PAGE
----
Kolkata, India: From the first man…
It all started with Atchew. Around 1778, he left China for Achipur (Kolkata) with a dream to set up a sugar mill. He brought along 110 Chinese workers, mostly contracted servants or former sailors, and initially things went well. But a lack of financing and skilled labor eventually saw the business fail and Atchew died only five years later. Nevertheless, many of his workers stayed in Kolkata and established the first small settlement of Chinese in India.
…to the first wave…
In the following decades, an increasing number of Chinese sailors would pass through the Kolkata port. Sometimes they had to wait for months for their next ship and so they would look for jobs in the meantime. The first larger wave of Chinese to settle in India were fleeing the First Opium War halfway through the 19th century.
…to the rise of Kolkata’s Chinatown
The second wave arrived around the Xinhai revolution of 1911, pushing the expanding Chinese community in Kolkata to the eastern edge of the city. Here, an exclusive Chinese settlement was formed, which became known as Tangra or Dhapa. The sights and smells of this new Chinatown were dominated by the tanning industry. Myriad leather workshops and shoe factories were virtually all run by Hakka. There were also carpenters and restaurants, typically owned by Cantonese, while the Shanghainese set up laundries.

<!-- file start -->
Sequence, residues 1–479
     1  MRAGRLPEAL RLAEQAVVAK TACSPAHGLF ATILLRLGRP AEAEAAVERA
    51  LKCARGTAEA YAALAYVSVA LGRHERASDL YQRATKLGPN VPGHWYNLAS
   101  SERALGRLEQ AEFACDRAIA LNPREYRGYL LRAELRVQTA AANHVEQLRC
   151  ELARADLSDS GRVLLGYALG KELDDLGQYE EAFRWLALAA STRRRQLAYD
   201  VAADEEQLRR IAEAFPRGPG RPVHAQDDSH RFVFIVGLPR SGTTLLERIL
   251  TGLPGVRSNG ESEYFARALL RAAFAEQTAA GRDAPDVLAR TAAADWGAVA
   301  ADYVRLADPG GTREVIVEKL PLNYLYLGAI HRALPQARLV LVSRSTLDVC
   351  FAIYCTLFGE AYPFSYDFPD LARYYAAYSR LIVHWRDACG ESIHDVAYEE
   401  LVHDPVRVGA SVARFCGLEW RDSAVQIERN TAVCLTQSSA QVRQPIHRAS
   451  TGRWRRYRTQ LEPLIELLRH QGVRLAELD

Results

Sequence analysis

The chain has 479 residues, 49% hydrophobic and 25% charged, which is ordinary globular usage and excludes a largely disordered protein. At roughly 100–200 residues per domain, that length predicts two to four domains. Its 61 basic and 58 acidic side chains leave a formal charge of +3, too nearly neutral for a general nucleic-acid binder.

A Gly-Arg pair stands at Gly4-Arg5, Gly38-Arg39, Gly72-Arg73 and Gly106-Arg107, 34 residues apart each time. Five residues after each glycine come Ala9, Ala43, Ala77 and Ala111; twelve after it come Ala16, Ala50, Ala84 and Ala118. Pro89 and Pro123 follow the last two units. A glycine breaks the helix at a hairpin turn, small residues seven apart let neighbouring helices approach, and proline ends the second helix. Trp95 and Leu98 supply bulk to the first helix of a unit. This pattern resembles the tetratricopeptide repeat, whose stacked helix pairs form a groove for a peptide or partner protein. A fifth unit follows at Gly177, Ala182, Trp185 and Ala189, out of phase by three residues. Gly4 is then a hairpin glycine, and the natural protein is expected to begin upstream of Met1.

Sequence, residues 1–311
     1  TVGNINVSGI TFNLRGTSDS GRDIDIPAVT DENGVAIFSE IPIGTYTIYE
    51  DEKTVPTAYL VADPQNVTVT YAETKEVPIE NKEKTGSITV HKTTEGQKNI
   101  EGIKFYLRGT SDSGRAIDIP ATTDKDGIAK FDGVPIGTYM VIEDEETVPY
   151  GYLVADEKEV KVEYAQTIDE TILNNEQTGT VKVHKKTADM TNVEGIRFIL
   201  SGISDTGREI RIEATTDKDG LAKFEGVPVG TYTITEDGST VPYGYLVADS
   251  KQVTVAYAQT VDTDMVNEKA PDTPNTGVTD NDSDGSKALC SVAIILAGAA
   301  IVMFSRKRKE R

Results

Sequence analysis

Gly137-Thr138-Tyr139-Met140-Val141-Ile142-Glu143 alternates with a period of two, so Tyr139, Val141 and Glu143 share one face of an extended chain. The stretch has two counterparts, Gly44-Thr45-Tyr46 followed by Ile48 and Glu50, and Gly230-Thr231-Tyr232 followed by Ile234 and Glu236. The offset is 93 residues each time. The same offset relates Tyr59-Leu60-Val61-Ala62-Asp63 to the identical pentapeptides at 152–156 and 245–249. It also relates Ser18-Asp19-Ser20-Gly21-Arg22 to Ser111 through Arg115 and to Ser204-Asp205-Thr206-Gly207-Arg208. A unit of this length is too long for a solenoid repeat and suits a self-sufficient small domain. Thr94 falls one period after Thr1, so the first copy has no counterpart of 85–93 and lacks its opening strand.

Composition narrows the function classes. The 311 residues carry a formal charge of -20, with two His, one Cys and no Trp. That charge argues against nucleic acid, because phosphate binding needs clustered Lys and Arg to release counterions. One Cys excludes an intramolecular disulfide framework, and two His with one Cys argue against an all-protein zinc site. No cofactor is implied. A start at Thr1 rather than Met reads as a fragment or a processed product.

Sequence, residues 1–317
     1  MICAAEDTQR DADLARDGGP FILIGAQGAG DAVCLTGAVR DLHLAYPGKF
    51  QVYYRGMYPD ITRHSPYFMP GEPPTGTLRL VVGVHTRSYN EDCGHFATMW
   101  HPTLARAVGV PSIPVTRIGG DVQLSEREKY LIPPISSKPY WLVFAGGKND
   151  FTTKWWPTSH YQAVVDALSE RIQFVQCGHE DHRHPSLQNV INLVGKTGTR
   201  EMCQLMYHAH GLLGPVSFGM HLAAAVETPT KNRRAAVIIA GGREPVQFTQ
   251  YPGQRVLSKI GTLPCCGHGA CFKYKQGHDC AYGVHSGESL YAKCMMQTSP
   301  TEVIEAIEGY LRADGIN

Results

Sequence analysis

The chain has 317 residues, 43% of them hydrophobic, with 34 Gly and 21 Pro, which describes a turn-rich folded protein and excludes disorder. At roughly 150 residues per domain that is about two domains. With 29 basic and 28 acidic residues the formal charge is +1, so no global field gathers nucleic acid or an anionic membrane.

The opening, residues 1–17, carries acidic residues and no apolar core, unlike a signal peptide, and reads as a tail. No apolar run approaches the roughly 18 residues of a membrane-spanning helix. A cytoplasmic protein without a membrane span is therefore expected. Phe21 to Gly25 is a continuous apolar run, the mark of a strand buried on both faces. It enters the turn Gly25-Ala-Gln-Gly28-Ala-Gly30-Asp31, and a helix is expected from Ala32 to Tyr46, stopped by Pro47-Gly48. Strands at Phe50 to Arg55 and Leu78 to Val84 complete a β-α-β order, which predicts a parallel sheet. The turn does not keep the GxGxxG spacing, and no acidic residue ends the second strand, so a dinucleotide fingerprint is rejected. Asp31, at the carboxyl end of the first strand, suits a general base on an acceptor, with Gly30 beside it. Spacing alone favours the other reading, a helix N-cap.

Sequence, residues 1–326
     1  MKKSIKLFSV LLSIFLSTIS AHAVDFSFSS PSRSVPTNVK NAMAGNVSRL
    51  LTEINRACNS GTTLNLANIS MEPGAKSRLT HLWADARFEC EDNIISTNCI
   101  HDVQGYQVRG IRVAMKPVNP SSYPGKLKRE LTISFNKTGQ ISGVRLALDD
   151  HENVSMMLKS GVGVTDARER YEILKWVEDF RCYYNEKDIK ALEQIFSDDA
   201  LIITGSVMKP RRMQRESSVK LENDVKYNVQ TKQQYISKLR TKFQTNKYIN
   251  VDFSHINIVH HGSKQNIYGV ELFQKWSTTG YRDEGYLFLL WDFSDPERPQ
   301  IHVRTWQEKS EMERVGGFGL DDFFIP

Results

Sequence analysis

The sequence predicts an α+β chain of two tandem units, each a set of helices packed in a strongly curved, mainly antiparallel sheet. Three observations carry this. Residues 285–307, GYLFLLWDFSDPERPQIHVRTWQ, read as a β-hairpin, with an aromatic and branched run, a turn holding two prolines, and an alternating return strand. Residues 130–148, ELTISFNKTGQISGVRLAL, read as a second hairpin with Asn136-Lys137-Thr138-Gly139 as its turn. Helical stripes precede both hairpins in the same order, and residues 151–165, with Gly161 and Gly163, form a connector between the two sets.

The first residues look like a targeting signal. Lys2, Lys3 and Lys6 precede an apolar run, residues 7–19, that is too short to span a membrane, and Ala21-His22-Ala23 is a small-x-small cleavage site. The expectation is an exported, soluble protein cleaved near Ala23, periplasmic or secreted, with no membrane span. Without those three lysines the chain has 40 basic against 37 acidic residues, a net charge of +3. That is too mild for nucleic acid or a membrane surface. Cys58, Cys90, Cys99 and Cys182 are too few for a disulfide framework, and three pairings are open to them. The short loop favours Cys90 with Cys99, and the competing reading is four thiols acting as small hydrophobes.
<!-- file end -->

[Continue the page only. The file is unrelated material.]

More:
The Chinese mostly remained an insular community. In the 1930s, workers started bringing their families from China, increasing the number of women and children in the Tangra settlement. Today, its population numbers around 4,000, the largest Chinese community in India.
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